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Blue Shirt

Every Sunday for forty years, my father
would choose the same blue shirt
to wear to church.
The cloth faded and grew thin
and some of the buttons
went missing.
(You’d think he had no money.)
Almost as an afterthought
he’d put on a tattered tie, then walk
two blocks to the Methodist Church.
Easing his bony frame down
onto the unpadded wood pew,
he’d wink and say, “I’m sure the Lord doesn’t care
what I look like, but only that I’ve come—
and here I am.”
Now, six weeks after his funeral,
I hug his empty blue shirt
and long to hear him say once more,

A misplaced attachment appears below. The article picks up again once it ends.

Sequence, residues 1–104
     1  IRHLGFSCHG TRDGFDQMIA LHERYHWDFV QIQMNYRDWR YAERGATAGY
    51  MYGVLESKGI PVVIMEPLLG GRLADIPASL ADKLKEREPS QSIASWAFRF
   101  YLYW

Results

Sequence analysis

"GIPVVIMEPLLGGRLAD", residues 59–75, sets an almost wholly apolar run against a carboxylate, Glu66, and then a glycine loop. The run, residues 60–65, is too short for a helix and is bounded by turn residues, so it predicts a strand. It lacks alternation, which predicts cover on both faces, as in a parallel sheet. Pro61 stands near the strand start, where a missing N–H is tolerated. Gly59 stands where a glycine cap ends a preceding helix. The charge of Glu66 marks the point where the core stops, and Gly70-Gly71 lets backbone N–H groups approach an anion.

“Here I am.”


Poem © 2018 by Magical Mystical Teacher
NOTE: This poem is almost entirely the product of my imagination. Any resemblances to my own life are purely coincidental.
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Sound Bites

 photo IMG_3412_zpsqvpfpdof.jpg
A crumbling wooden wagon wheel, Yuma Conservation Garden, Yuma, Arizona

~~ 1 ~~
in the corridor
of the nursing home at noon—
clicking of dentures
~~ 2 ~~
An old man stumbles,
then stoops to tie his laces—
winter afternoon.
~~ 3 ~~
Midwinter musing—
are there no doves anymore
to sing down the sun?
~~ 4 ~~
after last night’s flood—
slicing twisted clothesline cords
with a rusty knife
~~ 5 ~~
Midwinter musing—
could her own experience
help somebody else?
~~ 6 ~~
What explanations
need a dormant plum tree give
for its existence?
~~ 7 ~~
dandelion fluff—
the anarchy of autumn
riding on the wind

Haiku © 2017 by Magical Mystical Teacher
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